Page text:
No. 1198, Docket 86-6033.United States Court of Appeals, Second Circuit.Argued April 21, 1986.
Decided May 2, 1986.
Harvey L. Pitt, Washington, D.C. (Henry A. Hubschman, David M. Miles, Fried, Frank, Harris, Shriver Jacobson, Washington, D.C., John F. Scully, Jr., Cooney, Scully Dowling, Hartford, Conn., Matthew P. Fink, Sr. Vice President and Gen. Counsel, Sarah O’Neil, Asst. Gen. Counsel, Investment Co. Institute, Washington, D.C., of counsel), for plaintiff-appellant.
L. Robert Griffin, Office of the Comptroller of Currency, Washington, D.C. (Richard V. Fitzgerald, Chief Counsel, Comptroller of the Currency, Richard K. Willard, Asst. Atty. Gen., Barbara Biddle, U.S. Dept. of Justice, Washington, D.C., of counsel), for defendant-appellee Robert L. Clarke.
Scott P. Moser, Hartford, Conn. (J. Bruce Boisture, Day, Berry Howard, Joan K. Willin, The Connecticut Bank Trust Co., Hartford, Conn., Howard N. Cayne, Arnold Porter. Washington, D.C., of counsel), for defendants-appellees The Connecticut Bank Trust Co., N.A. and The Connecticut Bank Trust Co. IRA Collective Inv. Fund.
Appeal from the United States District Court for the District of Connecticut.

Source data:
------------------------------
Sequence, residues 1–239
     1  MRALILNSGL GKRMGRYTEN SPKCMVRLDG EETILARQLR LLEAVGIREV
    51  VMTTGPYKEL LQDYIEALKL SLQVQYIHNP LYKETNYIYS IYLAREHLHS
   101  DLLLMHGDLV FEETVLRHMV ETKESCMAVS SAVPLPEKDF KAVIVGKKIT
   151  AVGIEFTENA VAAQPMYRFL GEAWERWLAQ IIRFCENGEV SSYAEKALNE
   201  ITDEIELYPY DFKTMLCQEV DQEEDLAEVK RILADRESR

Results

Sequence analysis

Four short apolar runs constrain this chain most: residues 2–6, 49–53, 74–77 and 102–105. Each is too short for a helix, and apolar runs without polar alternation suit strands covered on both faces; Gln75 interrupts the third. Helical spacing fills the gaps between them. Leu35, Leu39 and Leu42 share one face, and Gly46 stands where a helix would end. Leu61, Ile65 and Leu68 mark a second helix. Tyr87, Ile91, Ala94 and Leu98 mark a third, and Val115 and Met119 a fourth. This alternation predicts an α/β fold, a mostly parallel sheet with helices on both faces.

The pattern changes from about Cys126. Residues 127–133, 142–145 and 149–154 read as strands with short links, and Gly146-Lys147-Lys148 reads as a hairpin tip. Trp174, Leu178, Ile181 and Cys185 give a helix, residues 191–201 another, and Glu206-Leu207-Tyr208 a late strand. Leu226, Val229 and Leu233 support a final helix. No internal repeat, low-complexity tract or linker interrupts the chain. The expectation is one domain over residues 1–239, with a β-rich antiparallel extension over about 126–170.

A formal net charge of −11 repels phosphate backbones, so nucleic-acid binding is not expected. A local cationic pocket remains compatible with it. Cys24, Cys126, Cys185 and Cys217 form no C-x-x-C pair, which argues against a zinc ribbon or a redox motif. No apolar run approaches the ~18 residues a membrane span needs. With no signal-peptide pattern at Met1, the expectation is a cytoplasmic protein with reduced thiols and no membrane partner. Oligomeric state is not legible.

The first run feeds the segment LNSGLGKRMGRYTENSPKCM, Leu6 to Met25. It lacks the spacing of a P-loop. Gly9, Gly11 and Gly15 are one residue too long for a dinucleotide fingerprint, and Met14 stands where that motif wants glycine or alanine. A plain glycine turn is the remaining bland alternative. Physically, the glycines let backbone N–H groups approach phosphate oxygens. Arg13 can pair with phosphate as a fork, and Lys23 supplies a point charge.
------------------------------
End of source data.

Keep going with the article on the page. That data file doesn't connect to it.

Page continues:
Before TIMBERS, MESKILL and ALTIMARI, Circuit Judges.
 This is an appeal by Investment Company Institute from a January 22, 1986 judgment of the United States District Court for the District of Connecticut, Cabranes, J., granting the motion for summary judgment of defendants Connecticut Bank Trust Company, N.A. (CBT) and the Connecticut Bank Trust Company IRA Collective Investment Fund and entering judgment in defendants’ favor. Judge Cabranes’ decision is reported at 630 F.Supp. 593 (D.Conn. 1986). Plaintiff in its complaint challenged the legality of an administrative ruling of the Office of the Comptroller of the Currency which declared that the Glass-Steagall Act does not prohibit, and that 12 U.S.C. § 92a (1982) and the Employee Retirement Income Security Act of 1974 permit, CBT to create a mutual fund for Individual Retirement Accounts and to market and promote the fund’s shares to the public.
 The key issue in this appeal is whether CBT’s offering of shares of its IRA Collective Investment Fund constitutes the sale of securities, barred by the Glass-Steagall Act, 12 U.S.C. § 24
(Seventh), or a sale of fiduciary services permissible under the Act as construed by Investment Company Institute v. Camp, 401 U.S. 617, 638, 91 S.Ct. 1091, 1102, 28 L.Ed.2d 367 (1971).
 We believe that it is the latter and affirm the district court judgment for substantially the reasons contained in Judge Cabranes’ Ruling on Cross-Motions For Summary Judgment dated January 21, 1986 and reported at 630 F.Supp. 593 (D.Conn. 1986).